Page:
As fully autonomous vehicles deploy, knowing which ones are equipped with automated technology — and which are exempt from federal safety standards — will help policymakers, insurers and researchers understand the safety impact.

To that end, IIHS strongly advises NHTSA to create and maintain a nationwide public database of vehicles with automated driving systems and those exempt from safety standards that is indexed and searchable by vehicle identification number (VIN). Currently, VINs aren't required to encode information about optional crash avoidance and automation features.

Automated driving laws as of August 2018
Some states impose substantial restrictions on operators developing, testing and deploying driverless cars on public roads. Others welcome them with few restrictions.

New regulations needed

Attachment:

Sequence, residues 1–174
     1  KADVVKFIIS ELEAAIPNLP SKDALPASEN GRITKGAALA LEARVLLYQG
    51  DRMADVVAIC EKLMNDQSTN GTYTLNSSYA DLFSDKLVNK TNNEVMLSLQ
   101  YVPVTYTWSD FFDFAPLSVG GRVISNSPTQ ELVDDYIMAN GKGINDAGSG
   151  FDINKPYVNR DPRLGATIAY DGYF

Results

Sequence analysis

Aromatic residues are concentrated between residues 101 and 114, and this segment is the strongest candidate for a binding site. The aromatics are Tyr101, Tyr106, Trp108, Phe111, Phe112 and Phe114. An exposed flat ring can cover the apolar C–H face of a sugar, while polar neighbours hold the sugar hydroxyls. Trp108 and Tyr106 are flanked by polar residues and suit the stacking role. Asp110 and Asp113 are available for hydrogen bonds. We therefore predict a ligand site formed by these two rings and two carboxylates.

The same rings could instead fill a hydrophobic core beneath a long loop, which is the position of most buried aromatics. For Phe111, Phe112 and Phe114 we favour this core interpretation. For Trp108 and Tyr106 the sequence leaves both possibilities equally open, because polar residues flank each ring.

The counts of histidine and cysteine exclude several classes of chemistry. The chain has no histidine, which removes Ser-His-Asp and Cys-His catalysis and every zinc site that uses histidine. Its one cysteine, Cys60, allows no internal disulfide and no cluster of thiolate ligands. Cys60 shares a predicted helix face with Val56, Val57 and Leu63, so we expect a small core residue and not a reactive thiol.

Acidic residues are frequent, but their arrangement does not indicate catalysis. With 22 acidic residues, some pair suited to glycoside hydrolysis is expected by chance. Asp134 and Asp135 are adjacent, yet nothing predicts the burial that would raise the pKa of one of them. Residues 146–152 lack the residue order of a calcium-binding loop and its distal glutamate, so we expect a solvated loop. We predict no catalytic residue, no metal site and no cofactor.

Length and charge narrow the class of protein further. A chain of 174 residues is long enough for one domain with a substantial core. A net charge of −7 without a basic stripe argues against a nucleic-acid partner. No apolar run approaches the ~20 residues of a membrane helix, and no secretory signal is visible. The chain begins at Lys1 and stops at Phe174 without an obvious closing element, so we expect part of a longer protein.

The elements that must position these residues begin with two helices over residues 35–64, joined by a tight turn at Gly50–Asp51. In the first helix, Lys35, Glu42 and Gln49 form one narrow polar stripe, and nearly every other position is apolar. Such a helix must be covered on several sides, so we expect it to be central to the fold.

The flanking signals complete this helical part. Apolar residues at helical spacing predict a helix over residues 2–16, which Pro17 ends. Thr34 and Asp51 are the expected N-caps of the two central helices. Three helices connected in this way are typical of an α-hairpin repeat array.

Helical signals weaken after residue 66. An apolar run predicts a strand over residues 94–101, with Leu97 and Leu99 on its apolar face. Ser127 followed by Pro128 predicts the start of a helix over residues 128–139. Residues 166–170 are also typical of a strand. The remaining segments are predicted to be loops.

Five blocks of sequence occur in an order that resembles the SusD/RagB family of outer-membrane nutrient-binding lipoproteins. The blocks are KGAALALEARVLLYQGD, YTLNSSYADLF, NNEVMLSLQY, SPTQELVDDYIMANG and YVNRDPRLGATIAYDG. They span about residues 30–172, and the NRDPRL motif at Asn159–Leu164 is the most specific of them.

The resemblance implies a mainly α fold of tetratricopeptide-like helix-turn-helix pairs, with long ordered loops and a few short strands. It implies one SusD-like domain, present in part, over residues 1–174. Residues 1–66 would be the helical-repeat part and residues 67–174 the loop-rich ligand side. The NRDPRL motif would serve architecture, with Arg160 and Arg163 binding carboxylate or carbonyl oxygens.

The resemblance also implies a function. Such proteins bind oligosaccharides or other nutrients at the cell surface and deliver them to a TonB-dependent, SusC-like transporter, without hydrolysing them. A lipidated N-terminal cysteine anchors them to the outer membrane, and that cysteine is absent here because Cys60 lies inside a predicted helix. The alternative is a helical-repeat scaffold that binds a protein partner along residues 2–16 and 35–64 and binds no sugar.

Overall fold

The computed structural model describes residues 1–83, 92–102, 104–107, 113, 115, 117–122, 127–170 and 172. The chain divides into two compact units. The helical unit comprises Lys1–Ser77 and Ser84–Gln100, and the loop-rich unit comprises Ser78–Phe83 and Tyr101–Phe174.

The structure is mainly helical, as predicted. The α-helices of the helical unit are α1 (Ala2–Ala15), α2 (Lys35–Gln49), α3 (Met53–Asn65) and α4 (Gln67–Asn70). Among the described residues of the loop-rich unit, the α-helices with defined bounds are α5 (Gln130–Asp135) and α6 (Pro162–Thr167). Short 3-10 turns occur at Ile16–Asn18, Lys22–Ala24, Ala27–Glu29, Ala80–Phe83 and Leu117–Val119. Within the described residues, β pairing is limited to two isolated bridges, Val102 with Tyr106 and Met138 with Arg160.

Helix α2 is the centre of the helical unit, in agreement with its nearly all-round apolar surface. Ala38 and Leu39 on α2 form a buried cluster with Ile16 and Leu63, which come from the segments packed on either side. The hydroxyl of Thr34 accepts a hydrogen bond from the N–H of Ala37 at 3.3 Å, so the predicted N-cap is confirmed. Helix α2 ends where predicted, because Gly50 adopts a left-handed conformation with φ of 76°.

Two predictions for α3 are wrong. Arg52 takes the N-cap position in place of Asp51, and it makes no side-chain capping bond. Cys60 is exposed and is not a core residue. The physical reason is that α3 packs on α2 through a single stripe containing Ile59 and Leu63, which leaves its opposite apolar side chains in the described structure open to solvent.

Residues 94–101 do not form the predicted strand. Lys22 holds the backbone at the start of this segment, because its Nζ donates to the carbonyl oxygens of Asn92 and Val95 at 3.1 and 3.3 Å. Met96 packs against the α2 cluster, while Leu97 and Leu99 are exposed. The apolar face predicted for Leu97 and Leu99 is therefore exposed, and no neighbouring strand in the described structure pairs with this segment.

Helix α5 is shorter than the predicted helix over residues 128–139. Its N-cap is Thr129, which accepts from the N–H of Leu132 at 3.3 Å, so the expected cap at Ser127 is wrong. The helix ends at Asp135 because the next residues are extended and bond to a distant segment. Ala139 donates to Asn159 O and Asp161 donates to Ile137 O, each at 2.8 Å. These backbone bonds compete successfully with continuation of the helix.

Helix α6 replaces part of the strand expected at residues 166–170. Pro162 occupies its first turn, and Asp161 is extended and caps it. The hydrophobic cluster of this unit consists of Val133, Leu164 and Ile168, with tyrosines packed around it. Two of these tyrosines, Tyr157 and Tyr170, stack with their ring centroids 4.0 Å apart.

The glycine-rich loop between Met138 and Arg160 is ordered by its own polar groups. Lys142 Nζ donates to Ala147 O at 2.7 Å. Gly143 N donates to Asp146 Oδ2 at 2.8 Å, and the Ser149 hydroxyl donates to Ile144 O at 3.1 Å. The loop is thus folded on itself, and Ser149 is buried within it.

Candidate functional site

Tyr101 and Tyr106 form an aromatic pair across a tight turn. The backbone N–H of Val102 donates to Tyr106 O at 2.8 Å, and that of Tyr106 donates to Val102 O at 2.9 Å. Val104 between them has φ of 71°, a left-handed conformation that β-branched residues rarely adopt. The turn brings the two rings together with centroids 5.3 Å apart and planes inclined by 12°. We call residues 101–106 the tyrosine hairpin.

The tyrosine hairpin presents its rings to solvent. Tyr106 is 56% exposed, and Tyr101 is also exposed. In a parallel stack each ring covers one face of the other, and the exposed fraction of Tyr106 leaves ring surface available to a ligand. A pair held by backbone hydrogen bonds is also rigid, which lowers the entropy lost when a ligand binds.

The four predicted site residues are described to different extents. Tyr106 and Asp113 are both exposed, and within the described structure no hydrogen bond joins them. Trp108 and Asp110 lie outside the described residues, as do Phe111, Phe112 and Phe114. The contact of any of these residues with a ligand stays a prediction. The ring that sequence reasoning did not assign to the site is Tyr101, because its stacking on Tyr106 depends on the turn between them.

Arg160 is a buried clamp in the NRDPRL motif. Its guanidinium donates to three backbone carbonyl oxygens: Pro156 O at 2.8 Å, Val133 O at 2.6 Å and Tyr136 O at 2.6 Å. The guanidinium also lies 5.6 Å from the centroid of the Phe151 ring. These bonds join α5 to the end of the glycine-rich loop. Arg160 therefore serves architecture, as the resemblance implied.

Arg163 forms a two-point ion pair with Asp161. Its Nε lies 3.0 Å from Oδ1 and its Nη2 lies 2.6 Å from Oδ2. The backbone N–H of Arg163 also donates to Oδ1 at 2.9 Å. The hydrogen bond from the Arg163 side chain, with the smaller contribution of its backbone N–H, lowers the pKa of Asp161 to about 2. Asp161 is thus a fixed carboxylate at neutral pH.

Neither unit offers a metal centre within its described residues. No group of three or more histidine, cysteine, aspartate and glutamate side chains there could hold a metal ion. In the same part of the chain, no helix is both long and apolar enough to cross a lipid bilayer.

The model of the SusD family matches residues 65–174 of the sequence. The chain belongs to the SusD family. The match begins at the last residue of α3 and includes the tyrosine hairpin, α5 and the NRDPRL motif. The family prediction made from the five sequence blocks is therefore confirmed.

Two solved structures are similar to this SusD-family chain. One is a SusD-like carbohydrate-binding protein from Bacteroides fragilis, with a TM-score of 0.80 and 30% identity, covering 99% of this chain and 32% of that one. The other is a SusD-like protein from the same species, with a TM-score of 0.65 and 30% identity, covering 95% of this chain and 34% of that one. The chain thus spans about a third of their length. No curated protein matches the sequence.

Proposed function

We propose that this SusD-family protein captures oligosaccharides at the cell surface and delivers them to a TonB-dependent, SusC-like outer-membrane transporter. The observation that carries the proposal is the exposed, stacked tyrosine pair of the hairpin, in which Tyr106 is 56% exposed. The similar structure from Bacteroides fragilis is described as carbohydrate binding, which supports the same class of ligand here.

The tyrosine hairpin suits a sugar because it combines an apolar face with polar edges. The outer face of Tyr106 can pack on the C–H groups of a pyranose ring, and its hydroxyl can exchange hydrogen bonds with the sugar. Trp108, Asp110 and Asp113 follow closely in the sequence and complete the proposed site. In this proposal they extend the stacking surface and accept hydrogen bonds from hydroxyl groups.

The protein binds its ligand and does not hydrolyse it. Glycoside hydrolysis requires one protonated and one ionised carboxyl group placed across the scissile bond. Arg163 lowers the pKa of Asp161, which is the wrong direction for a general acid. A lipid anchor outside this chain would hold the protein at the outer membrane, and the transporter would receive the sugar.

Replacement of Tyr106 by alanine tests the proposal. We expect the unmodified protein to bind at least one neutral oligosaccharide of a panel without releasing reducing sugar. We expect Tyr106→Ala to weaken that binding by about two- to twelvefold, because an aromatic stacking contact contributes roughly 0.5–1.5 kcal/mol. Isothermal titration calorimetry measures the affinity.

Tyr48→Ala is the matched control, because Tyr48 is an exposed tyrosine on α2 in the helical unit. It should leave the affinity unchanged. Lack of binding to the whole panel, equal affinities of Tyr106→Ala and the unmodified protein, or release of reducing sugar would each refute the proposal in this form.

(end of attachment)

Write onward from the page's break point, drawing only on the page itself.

So far, NHTSA has focused on removing regulatory barriers to enable automated driving. The AV Start Act as proposed would require the agency to update the human-specific safety standards to account for self-driving vehicles. Currently, NHTSA grants exemptions on a case-by-case basis.

For example, by law all passenger vehicles must have manual driver controls, but what happens when human drivers are no longer needed to operate vehicles?

General Motors, for one, hopes to ditch the steering wheel and brake and accelerator pedals in a self-driving Cruise AV to test in a ride-sharing fleet. GM petitioned NHTSA to exempt up to 2,500 of these electric cars from more than a dozen safety standards, including the manual control requirements.

As it weighs which regulations to amend, NHTSA also should consider new ones to ensure that automated driving is safe for all road users. Recording vehicle data is one area that needs to be addressed.

IIHS has asked the agency to require event data recorders to encode information on the performance of automated driving systems in the moments before, during and after a crash. This information would help determine whether the human driver or vehicle was in control and the actions each entity took prior to the event.

In addition, autonomous vehicles should be programmed to take themselves out of service when the status of critical vehicle systems can't support a safe trip.